3M Awaits Bankruptcy Ruling That May Sink Litigation Tactic

(Bloomberg) — 3M Company’s effort to stall jury trials of more than 230,000 lawsuits alleging harm to US troops faced a significant test this week before a federal judge in Indianapolis.

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US Bankruptcy Judge Jeffrey J. Graham is set to consider temporarily halting the lawsuits so that 3M and its bankrupt subsidiary, Aero Technologies, can attempt to settle claims, most of which have been filed by veterans who say combat weapons earplugs survived. Are them with hearing damage.

Harvard Law School professor Jared Elias said in an interview that Graham’s decision would resonate in the offices of other firms facing a large number of product liability lawsuits.

“Even as 3M suffers a setback, it is likely to sound alarm bells in other corporate boardrooms of companies that want to take advantage of the bankruptcy system,” Elias said.

The Arrow case uses an increasingly popular tactic in which profitable companies use insolvency proceedings to force settlement negotiations with victims of allegedly harmful products. Johnson & Johnson and lumber giant Georgia-Pacific have also thrown units into bankruptcy with the same goal of ending the litigation woes in one location rather than fighting thousands of trials across the country.

Final court papers from the company and its critics were due on Monday evening. Parts of the trial, a temporary stay ordered by a federal judge in Florida, is set to end Wednesday.

It is impossible to fight each case in front of various jurors across the country, the insolvency units of J&J and 3M have argued in court. Critics of mass torture, or trial, systems agree.

“Mass torts are legal terrorism because even if there is no liability for 80% of the claims made against a company, the defense costs will kill it,” bankruptcy attorney Martin Bienstock said in an interview. Bienenstock is Head of Business Solutions Practice at the Proskauer Rose law firm.

On July 26, the company plunged Aero Technologies into bankruptcy in Indianapolis. Under Chapter 11 rules, Aearo is automatically entitled to freeze the lawsuits it faces, but because 3M itself hasn’t filed bankruptcy, a judge has to agree to grant the industrial conglomerate the same protections. needed.

“Bankruptcy can eliminate decades of litigation and its expense and make the company stronger,” Bienstock said. In bankruptcy, victims can still collect money from the company, but under different rules that make a massive, multi-million dollar judgment less likely.

taking responsibility

Soldiers’ advocates suing 3M argue that Chapter 11 bankruptcy rules were never designed for profitable corporations.

“The purpose of our bankruptcy process was never to allow our Fortune 500 companies to evade responsibility,” Melanie L. Cyganowski, a lawyer for some veterans, told Graham during an Aero Court hearing last week. Cyganowski is a former bankruptcy judge fighting the efforts of 3M and J&J to resolve their legal problems in bankruptcy.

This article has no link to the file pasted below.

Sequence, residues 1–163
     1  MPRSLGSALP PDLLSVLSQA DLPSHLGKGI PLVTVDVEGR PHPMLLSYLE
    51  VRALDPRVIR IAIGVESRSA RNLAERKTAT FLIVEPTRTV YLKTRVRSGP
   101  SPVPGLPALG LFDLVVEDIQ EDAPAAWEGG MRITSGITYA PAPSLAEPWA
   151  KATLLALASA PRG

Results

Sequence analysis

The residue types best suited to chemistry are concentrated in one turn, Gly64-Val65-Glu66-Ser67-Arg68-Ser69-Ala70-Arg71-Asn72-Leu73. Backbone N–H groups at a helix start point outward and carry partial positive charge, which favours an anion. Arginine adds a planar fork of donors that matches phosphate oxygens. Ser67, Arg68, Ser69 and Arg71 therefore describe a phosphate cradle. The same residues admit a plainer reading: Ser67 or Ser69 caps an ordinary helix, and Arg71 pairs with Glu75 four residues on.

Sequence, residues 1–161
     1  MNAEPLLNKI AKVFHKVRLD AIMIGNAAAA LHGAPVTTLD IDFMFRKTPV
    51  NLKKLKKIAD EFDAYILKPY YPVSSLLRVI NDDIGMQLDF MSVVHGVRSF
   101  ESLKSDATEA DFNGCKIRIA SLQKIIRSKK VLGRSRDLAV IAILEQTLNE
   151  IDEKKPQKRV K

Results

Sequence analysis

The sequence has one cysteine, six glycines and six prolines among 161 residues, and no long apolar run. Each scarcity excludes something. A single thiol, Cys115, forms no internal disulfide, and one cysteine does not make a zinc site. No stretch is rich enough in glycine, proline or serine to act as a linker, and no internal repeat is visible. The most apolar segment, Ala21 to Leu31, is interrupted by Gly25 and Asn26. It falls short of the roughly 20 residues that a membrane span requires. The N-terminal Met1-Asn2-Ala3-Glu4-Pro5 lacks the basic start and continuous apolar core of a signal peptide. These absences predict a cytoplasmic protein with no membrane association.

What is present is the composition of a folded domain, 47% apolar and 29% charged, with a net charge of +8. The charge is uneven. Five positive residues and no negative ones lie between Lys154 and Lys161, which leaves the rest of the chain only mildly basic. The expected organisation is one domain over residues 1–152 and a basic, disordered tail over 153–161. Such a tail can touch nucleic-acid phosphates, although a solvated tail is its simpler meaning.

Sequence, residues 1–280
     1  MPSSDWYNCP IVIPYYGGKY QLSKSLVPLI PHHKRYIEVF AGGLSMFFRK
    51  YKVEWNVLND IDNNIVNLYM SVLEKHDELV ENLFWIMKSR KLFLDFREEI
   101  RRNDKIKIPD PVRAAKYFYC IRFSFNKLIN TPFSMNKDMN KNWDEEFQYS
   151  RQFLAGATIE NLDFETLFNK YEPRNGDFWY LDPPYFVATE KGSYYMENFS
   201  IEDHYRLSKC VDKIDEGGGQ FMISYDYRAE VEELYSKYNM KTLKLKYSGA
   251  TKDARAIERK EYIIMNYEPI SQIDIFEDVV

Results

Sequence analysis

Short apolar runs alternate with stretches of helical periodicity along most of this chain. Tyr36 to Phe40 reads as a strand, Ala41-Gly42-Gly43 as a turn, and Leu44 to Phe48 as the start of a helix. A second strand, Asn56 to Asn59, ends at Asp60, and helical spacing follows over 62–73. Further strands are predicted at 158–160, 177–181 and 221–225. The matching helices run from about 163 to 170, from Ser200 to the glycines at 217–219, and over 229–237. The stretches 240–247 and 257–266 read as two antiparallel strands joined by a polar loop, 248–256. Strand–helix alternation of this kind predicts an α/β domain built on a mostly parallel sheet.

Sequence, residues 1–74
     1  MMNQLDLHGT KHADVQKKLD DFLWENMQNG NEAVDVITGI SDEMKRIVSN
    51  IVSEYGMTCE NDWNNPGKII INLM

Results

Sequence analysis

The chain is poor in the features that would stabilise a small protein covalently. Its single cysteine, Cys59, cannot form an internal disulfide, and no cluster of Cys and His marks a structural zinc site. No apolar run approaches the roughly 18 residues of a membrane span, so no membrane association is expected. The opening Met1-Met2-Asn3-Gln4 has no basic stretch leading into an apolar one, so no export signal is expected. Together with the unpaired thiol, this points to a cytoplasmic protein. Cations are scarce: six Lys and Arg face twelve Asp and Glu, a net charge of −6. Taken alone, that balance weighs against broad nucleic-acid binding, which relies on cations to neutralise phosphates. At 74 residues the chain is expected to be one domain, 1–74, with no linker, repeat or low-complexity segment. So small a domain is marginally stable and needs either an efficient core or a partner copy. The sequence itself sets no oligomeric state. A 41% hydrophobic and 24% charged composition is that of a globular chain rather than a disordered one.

Read more: Hearing-impaired veterans fumes on 3M’s strategy on earplug suits

3M defended its approach to the lawsuit, arguing that bankruptcy would be better for the claimants and the company.

Eric Rucker, 3M’s vice president and associate general counsel, said, “There’s going to be more certainty about who can qualify for a claim, how to value equally-located claimants, and we’ll be getting a resolution soon.” going to do it.” in an interview.

Litigation Outlook

Ilyas, who opposed J&J’s strategy, said that if 3M fails to move the lawsuit to bankruptcy court, the damage would make other companies hesitant to use the process.

“No CEO wants to file bankruptcy,” Elias said. “The only thing worse than filing for bankruptcy is filing for bankruptcy and being told you didn’t do it right.”

Until last month, 3M was fighting for claims in federal court in Pensacola, Florida, where a judge was overseeing the preliminary, procedural steps needed to prepare lawsuits for separate jury trials that will take place in other courts. . The judge overseeing that process, known as multi-district litigation, or MDL, has questioned 3M’s decision to use bankruptcy.

US District Court Judge M Casey Rodgers said in a recent court decision, “3M and Aearo have devised a plan to avoid MDL and this Court.” The company was “unhappy with the decisions of this court and the decision of the Belvedere jury,” she said.

Bankruptcy Aero Technologies LLC, 22-02890, is a United States Bankruptcy Court for the Southern District of Indiana (Indianapolis).

(Adds details on the litigation-related deadline in the sixth paragraph.)

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